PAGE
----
commentary While the bullets and bombs are flying, a second war is being fought -- on social media. If you're surprised, you haven't been paying attention.
What do Stuxnet, Duqu, Gauss, Mahdi, Flame, Wiper, and Shamoon have in common?
With possible ties to malware targeting Iran, the Flame spying software is seen as the latest cyber espionage attempt from a nation state.
week in review Massive virus targets systems in Iran, Windows 8 inches closer to launch. Also: A peek at iPhone 5?
More militaries and armed groups are using social media as a weapon of war -- but when ground skirmishes are mirrored by cyber-social battles, managing the message can get messy.
The Israeli government puts out a national call for university students to come work for its new social media project, which aims to combat anti-Semitism and anti-Israel sentiment.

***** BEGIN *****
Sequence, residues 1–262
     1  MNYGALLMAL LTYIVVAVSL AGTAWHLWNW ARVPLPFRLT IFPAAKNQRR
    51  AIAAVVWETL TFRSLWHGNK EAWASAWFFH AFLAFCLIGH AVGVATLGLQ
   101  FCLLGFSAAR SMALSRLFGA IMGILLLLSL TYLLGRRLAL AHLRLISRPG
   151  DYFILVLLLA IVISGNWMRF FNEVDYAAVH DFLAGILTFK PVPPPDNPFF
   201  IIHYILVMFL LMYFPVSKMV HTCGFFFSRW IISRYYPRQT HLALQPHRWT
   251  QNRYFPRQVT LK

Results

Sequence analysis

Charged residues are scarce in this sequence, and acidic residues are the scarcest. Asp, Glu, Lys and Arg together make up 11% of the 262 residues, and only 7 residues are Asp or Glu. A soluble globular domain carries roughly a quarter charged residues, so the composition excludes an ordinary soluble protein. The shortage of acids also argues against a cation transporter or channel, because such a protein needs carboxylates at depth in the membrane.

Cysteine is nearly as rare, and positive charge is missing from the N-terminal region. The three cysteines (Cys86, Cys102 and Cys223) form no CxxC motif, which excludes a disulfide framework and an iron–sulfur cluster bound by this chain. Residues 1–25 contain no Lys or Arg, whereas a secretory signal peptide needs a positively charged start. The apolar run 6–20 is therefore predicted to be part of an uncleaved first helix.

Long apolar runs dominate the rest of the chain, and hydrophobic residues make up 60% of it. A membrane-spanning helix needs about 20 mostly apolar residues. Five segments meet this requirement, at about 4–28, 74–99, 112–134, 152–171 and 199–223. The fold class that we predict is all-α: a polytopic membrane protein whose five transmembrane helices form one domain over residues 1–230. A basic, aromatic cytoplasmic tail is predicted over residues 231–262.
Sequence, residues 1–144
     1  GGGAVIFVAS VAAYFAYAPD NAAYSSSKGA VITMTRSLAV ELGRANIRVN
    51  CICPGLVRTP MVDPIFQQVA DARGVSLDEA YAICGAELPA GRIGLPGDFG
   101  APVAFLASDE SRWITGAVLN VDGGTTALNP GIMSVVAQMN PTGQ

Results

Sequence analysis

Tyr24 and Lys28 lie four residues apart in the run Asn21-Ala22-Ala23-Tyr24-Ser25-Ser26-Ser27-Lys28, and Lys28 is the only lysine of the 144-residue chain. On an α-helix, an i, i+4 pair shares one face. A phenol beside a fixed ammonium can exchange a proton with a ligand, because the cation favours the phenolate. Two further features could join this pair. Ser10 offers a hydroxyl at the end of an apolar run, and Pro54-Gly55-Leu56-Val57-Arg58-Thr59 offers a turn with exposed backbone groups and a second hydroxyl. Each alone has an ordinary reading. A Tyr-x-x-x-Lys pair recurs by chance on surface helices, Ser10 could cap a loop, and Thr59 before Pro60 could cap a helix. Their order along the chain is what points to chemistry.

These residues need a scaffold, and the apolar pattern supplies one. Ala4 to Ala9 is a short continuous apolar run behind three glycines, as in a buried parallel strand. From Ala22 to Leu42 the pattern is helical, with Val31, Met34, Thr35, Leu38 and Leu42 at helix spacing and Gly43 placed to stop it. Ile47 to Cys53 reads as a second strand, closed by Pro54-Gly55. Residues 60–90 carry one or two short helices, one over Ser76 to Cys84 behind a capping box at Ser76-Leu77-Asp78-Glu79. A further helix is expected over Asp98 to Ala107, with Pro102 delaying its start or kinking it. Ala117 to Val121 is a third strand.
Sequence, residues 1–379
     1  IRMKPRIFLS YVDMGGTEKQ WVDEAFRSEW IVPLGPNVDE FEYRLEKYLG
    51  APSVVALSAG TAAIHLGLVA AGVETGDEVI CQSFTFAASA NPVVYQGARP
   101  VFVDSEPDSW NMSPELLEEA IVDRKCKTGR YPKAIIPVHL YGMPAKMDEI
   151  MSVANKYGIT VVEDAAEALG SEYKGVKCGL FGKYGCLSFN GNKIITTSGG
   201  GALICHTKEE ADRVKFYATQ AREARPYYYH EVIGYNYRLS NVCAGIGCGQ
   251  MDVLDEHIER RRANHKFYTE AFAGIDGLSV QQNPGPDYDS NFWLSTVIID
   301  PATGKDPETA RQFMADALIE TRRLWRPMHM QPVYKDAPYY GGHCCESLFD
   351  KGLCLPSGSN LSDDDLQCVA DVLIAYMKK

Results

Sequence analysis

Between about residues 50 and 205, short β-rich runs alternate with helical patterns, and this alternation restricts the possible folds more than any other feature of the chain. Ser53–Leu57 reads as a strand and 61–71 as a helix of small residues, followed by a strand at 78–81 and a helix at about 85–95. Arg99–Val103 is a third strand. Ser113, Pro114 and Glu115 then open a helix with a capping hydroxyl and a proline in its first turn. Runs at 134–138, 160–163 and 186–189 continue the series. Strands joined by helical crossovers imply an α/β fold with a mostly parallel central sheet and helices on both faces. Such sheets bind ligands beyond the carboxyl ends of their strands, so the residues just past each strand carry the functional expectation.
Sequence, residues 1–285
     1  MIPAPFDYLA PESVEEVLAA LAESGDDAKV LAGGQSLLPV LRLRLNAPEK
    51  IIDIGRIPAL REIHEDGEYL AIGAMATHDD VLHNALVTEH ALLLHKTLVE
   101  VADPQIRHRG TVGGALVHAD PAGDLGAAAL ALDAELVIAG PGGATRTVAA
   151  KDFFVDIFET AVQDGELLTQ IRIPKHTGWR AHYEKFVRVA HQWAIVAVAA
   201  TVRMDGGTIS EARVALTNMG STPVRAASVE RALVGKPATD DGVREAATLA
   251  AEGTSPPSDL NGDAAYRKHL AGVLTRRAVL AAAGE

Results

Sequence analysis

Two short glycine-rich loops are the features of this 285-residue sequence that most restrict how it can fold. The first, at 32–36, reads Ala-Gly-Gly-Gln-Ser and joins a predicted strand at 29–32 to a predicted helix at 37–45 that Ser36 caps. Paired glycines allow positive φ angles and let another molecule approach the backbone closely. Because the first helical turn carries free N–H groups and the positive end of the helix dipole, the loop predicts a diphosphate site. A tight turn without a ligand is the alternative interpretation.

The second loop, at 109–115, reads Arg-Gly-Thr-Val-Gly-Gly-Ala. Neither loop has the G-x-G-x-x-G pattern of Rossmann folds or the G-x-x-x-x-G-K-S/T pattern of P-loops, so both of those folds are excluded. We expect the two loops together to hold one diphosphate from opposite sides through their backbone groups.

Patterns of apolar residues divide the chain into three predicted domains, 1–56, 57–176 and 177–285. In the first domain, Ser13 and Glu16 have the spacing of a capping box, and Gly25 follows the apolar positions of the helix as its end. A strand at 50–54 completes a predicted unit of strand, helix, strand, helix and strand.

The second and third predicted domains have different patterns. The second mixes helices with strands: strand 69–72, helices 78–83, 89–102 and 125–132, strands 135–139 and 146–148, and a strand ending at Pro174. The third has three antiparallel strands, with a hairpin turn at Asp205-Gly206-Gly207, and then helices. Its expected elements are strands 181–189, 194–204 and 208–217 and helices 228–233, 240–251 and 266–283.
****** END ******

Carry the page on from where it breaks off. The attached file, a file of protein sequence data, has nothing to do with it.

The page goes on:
Concerned with enemies infiltrating soldier's social media accounts, the Israel Defense Forces puts the kibosh on social networking for classified and sensitive units.
A retweet by someone in America's Cairo embassy pointing to a "Daily Show" episode becomes a new source of friction in U.S.-Egyptian relations.
After New York Times, Wall Street Journal report suspected Chinese hacks on their systems, The Washington Post says its computers were hit too. Also: Eric Schmidt weighs in on China threat in new book.
Unusual activity was seen in the paper's computer systems during a probe on China's prime minister. The Times then discovered that the corporate passwords for every employee had been stolen.